As an analogy, imagine going over to visit a neighbor and the difference between being let inside the neighbor’s house versus being rejected by the neighbor on the doorstep. If your neighbor opens his door and lets you in, that’s an invitation to be personal, friendly, and to connect with each other. Oppositely when your neighbor rejects you on the doorstep there’s not even an opportunity to connect and to get to know each other. A lot of people in our society do this without even knowing so, they unconsciously reject others through their demeanor before meaningful contact can even be possible.

By rejecting you on the doorstep, your neighbor isn’t willing to invite you into his personal sphere. Neither one of you will take part of each others emotional lives. If no one gets access to how your neighbor is feeling then no one can hurt him, so then his ego believes he’s safe because later down the road he will not be hurt and disappointed. This avoids rage towards a person he’s attached to and subsequent unconscious guilt, grief, and love as well.

Sometimes this way of living makes a person very unhappy and lonely, but most of the times the DAEC works so well that a person can keep up the wall his whole life without any awareness of what he’s missing out on. Yes he may be bored, stuck in life, neurotic, and unhappy, but he ignorantly believes that this is the way life just is. Therefore he accepts his misery and it doesn’t even dawn on him to try to achieve a higher level of functioning.

Difficulties with closeness are often the result of defenses against reactive sadism and unresolved grief. In order to contain forbidden feelings of anger and grief, people will keep a detached position.

It’s epidemic in our society that people are getting more and more superficial and politically correct. Many believe it’s more important to «appear» the right way, rather than just «be» genuine and authentic. People like that don’t take a stance towards anything, and apparently have no other standards or values other than stubbornly protect their addictions and «important» opinions. Who the person underneath actually is nobody really knows.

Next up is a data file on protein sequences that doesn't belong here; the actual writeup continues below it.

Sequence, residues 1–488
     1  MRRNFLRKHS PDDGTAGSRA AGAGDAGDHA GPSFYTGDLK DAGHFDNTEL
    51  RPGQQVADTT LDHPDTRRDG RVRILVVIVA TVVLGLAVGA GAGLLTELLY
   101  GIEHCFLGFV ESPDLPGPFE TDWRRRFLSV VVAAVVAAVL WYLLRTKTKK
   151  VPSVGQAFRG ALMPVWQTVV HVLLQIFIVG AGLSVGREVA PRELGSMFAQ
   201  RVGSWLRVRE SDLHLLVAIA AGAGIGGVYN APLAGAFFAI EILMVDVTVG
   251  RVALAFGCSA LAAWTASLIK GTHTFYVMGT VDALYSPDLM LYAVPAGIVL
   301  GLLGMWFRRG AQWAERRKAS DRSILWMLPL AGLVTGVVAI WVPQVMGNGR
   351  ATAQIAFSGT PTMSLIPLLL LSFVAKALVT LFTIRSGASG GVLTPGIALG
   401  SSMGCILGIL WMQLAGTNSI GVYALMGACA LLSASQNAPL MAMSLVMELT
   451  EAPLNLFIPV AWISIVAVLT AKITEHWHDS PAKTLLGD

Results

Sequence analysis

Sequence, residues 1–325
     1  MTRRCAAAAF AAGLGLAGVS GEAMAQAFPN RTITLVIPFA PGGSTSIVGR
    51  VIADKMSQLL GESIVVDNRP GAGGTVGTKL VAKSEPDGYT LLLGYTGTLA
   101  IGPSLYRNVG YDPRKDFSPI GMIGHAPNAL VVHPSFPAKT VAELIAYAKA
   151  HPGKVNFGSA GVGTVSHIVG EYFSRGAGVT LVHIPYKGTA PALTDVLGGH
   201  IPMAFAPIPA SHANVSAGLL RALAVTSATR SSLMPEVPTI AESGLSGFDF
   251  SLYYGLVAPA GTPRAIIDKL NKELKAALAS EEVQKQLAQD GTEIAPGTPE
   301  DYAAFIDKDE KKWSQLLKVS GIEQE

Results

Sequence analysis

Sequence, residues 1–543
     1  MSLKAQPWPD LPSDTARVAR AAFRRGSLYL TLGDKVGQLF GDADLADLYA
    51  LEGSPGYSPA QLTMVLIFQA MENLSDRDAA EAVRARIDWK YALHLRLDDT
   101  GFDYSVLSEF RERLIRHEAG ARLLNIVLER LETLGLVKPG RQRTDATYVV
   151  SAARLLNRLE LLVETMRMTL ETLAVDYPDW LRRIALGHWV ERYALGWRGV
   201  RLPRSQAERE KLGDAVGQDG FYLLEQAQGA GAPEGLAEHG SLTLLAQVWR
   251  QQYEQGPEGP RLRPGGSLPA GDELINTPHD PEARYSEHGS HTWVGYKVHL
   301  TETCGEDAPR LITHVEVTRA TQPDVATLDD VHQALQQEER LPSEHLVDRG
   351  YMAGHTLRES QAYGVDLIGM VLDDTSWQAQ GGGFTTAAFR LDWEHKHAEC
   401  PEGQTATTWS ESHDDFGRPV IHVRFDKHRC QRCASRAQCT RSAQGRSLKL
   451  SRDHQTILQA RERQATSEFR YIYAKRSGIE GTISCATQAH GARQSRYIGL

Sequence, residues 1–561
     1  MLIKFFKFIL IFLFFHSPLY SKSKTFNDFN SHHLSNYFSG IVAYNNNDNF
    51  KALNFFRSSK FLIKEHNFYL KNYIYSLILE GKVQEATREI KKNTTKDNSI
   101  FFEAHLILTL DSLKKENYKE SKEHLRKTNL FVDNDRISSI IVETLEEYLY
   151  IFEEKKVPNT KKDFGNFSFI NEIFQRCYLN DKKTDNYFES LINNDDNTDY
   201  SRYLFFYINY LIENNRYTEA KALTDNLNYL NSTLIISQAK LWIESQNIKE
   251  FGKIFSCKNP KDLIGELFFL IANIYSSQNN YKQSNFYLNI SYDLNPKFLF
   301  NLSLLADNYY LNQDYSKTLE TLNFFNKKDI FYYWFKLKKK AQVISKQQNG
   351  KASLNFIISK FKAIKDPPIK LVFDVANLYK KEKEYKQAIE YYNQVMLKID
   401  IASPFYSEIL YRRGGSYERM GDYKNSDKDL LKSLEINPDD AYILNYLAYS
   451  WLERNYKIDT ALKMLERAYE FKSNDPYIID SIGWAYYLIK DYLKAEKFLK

An example is «the morally superior person». Hiding behind social norms and expected behavior she spends her time worrying how others perceive her and how she is coming across, rather than just being herself. She has stopped listening to what she herself really wants and desires and doesn’t even try to perfect her skills or knowledge in areas that interests her. Instead she craves approval and validation by others, and tries to be liked by everyone even though she knows that she doesn’t try to be the best she can be.

Most people with an ingrained DEAC are totally ignorant of how they actually come across to others and for most it’s a syntonic defense. They’re so identified with this protective wall that they don’t even see it. In most instances this person withdraws and goes passive whenever there is a «danger» of true intimacy. This so that he never gets to experience conflict within himself. His «ways of doing things» have become so entrenched and habitual that he doesn’t see how he’s continually avoiding genuine interaction with others.

The article above is an excerpt from Chapter 8 of Reconnect to your Core.

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Reconnect to your Core: An effective self-help guide by Kristian S. Nibe

Many people are tired of suffering from anxiety, stress, worrying, ocd, depression, and burnout syndrome and want a better and symptom-free existence filled with inner calm, energy, and self-confidence.

I have written an easy-to-read self-help book that helps you achieve this. It’s available on Amazon as paperback and e-book (Kindle).

Read more…

Book online consultation.

Consultations with Kristian S. Nibe available by Skype/video or chat/e-mail. Send a request briefly describing the problem, and when and how you are available. Sessions available for 45 minutes or 90 minutes.

SEND REQUEST